One of Germany's most venerable politicians, Wolfgang Schauble, is set to leave his post as Finance Minster in order to pave the way for Chancellor Angela Merkel to build a coalition government following Sunday's federal elections.
Multiple media reports have indicated the 75-year old Schauble, who has served in government since the early 1970s, will move on to become President of Germany's Parliament, the Bundestag, and open the position of Finance Minister, arguably one of the most influential posts in all of Europe, to Free Democratic party leader Christian Lindner.
The euro quickly extended its three-day decline against the U.S. dollar to 1.1717 as the reports spread, with traders expressing concern at such a radical change at the helm of Europe's largest economy that would leave Lindner, a fiscal hawk who has argued vociferously against member state bailouts and a common Eurozone budget.
However, while the departure of Schaeuble would likely provide Merkel with a significant amount of ammunition in her coalition horse-trading, and provide Lindner with the biggest possible attraction to joining her CDU/CSU brethren, it would also mark the end of an extraordinary era in German politics.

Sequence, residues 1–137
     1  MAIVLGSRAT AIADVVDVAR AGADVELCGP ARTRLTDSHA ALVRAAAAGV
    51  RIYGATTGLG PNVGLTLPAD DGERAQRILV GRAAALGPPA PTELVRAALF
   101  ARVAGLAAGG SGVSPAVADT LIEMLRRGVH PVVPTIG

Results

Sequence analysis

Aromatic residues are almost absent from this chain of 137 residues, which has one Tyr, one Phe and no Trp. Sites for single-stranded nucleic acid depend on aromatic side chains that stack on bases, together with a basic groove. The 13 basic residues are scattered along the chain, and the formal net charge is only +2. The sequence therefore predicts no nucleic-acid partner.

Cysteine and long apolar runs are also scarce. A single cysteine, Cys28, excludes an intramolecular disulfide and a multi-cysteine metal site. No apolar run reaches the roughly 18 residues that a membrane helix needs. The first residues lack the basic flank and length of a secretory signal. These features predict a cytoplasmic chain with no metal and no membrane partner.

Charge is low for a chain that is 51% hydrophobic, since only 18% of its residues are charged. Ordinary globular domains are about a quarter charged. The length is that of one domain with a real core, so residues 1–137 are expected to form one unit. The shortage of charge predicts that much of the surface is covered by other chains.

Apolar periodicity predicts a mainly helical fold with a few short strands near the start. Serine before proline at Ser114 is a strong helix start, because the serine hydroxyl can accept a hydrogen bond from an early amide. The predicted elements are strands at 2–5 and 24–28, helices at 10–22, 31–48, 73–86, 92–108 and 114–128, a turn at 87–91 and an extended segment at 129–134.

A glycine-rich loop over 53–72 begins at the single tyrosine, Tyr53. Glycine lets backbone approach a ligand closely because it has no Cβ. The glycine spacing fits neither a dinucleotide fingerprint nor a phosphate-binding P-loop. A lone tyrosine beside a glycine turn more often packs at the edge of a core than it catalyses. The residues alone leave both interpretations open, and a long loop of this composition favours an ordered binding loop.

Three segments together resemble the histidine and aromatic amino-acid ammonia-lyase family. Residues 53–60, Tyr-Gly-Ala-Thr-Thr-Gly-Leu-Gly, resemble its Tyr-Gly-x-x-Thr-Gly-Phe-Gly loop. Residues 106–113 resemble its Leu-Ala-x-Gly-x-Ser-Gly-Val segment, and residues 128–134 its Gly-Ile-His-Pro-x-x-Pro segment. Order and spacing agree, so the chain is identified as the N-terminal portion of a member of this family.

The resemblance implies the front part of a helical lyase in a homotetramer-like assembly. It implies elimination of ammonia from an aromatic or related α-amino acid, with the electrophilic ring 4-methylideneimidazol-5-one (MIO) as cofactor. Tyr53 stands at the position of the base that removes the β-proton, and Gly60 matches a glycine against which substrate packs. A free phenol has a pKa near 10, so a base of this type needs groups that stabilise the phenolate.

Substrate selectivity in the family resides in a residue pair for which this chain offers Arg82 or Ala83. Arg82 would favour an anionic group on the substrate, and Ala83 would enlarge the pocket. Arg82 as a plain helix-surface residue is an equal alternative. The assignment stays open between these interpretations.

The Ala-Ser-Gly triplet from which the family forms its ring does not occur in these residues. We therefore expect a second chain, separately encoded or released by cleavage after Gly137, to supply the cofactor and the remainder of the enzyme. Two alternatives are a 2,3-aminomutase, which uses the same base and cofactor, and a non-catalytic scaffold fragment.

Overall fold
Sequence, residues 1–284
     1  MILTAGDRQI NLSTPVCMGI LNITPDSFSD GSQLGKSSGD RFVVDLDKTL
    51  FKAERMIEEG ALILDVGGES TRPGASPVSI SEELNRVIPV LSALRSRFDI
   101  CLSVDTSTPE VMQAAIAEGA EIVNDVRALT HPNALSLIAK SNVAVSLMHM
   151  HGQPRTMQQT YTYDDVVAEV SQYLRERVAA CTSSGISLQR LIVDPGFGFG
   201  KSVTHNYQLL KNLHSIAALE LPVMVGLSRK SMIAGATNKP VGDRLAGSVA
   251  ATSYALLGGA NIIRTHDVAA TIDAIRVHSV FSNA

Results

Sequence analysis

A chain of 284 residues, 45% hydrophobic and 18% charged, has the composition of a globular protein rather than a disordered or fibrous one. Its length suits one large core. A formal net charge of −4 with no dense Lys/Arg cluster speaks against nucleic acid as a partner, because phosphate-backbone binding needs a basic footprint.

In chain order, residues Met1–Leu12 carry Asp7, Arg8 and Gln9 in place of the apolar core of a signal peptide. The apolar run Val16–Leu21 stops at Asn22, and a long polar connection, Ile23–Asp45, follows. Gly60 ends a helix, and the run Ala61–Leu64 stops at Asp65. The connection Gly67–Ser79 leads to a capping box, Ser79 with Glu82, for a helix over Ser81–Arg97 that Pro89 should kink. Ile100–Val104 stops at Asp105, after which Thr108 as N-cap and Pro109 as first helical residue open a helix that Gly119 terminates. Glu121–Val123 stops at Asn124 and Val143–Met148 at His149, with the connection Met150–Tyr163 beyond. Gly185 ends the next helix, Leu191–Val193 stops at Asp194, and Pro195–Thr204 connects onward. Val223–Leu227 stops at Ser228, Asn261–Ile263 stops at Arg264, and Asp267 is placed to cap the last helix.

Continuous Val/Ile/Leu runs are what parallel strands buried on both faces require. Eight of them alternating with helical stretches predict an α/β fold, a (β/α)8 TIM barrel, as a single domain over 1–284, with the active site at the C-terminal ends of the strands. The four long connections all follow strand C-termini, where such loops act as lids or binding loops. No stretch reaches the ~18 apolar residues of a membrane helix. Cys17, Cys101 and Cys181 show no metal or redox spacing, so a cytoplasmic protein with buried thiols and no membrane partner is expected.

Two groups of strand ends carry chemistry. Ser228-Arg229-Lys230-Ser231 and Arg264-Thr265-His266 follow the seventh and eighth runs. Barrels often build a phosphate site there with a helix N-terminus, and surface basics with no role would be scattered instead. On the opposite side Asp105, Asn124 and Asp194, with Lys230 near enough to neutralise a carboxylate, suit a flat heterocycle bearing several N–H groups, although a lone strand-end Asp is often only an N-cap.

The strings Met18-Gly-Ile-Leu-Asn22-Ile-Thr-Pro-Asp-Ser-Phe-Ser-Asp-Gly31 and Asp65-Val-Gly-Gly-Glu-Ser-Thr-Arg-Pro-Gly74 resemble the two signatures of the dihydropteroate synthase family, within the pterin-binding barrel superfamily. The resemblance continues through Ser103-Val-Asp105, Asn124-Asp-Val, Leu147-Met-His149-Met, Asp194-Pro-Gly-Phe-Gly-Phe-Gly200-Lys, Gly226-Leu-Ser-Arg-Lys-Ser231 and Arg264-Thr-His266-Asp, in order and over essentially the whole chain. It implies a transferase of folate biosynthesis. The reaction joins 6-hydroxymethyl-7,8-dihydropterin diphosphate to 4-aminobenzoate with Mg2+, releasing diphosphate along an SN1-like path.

A former tax attorney from the southeastern city of Freiburg im Breisgau, Schauble was first elected to the Bundestag in 1971 and eventually served in the cabinet of Chancellor Helmut Khol in the 1980s. He survived an assassination attempt during a 1990 campaign event that left him paralysed and bound to a wheelchair and eventually rose to become chairman of the Christian Democratic Party in 1998.
However, he resigned shortly afterwards in the wake of a fund-raising scandal that eventually led to the promotion of Merkel as party leader and her first term as Chancellor in 2005.
He became Germany's Finance Minister four years later and has since built and almost cult-like following in the German business community -- and indeed the wider electorate -- for his plain-speaking manner, his fondness for going "off script" during public appearances and his and devotion to rules, process and fiscal discipline.
That status was only enhanced during the peak of the region's debt crisis in 2012 and the bailout negotiations with Greece three years later that nearly saw the indebted nation become the first to exit the single currency - something Schauble himself was said to have suggested.